Our previous writing and networking retreat in October 2018 was such an excellently productive and positive experience that again in October 2019, the Food Materials Science Research Group, reinforced with Vice Dean of Research, Prof. Maija Tenkanen and her Carbohydrate Enzymology and Chemistry Group, and the Aalto Protein Team, led by Prof. Emma Master, spent three days at the Lammi Biological Station of the University of Helsinki.
The classroom was reserved for quiet working, where we reached an amazing flow experience for writing. Group meetings, face-to-face or via Skype, and many scientific discussions were held outside of the classroom. Fabio introduced us a modern idea about writing together an article in 24 hours, which we experimented. We enjoyed lively conversations, did a hiking trip to the nearby Evo forest area, picked mushrooms, and tasted them as an evening snack. Of course we enjoyed also delicious meals at breakfast, lunch, coffee breaks and dinner. The food was wonderful, and we could focus all our energy in writing. Evening sauna by the Pääjärvi lake was relaxing, and swimming in the fresh cold water kept our minds clear and sharp.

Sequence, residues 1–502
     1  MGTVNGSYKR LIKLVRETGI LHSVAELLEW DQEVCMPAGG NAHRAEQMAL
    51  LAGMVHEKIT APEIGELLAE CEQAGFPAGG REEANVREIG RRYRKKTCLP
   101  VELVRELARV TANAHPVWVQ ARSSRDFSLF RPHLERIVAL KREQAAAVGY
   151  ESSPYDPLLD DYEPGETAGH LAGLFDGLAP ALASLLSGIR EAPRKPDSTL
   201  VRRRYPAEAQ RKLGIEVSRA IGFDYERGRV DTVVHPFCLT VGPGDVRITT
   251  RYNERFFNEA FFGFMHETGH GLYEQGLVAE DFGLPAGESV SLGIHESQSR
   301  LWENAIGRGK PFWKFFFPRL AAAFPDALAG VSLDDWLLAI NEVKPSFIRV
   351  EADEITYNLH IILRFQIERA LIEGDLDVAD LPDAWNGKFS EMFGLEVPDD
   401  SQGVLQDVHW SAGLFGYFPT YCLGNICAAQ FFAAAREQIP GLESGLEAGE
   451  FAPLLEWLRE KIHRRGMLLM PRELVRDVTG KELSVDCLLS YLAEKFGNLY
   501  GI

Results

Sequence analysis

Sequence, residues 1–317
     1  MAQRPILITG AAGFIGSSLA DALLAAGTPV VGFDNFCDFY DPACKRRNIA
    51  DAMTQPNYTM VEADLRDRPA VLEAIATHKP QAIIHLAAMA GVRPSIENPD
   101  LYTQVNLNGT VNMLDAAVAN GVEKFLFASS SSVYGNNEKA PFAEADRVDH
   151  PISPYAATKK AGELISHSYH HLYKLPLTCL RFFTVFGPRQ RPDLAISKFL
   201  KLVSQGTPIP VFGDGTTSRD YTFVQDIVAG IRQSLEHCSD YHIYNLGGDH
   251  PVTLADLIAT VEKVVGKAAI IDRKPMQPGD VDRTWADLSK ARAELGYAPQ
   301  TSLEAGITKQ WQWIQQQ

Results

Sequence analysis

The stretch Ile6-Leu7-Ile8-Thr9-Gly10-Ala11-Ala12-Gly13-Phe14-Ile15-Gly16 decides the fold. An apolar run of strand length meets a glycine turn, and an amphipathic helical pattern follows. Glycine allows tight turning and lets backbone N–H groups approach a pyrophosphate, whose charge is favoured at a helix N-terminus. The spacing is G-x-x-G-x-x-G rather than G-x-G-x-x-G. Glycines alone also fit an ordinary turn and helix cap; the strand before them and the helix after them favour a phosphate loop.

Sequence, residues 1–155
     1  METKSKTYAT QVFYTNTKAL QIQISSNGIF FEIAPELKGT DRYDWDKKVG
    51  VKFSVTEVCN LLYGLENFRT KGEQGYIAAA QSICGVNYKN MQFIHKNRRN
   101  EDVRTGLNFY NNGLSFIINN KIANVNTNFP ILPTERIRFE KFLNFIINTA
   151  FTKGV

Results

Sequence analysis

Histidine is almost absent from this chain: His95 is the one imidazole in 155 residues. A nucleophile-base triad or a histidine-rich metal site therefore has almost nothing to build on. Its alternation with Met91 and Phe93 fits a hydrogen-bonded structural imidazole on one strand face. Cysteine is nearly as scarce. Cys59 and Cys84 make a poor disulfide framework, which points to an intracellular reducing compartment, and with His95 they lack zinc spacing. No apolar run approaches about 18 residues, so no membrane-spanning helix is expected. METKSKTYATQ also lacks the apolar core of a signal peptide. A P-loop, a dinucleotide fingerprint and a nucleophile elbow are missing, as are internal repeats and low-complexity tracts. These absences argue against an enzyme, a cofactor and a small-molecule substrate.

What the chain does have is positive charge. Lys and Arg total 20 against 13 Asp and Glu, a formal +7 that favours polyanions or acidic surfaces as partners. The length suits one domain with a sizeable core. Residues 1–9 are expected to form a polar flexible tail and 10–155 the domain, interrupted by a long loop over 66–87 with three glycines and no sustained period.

Aerogels are ultra-light but very strong materials. They are studied for example as thermal insulators, controlled release for drugs, and templates for cell cultures for tissue engineering.
The European Union has granted funding for AERoGELS, a network of aerogel researchers with 36 participating countries. Finland is represented in AERoGELS by assistant professor Kirsi Mikkonen from the University of Helsinki and associate professor Henrikki Liimatainen from the University of Oulu.
AERoGELS is one of the EU-funded COST Actions and it provides funding for networking.
”Our meetings are scientific seminars where we present our research findings to other partners, learn about their work, and have the possibility to plan for potential future projects together. AERoGELS provides all aerogel researchers in Finland an opportunity to network with international experts, collaborate, and benefit from infrastructures offered by the partners”, says Kirsi Mikkonen.
She says that one of the greatest benefits of COST Actions is the funding provided for “Short Term Scientific Missions”, i.e., research visits between partner countries. “It was a wonderful opportunity for me already during my doctoral studies to visit and conduct part of my research at top international laboratories. Later, I have encouraged the doctoral students and postdoctoral researchers of my group to use this great advantage provided by COST Actions.”
The news in Finnish: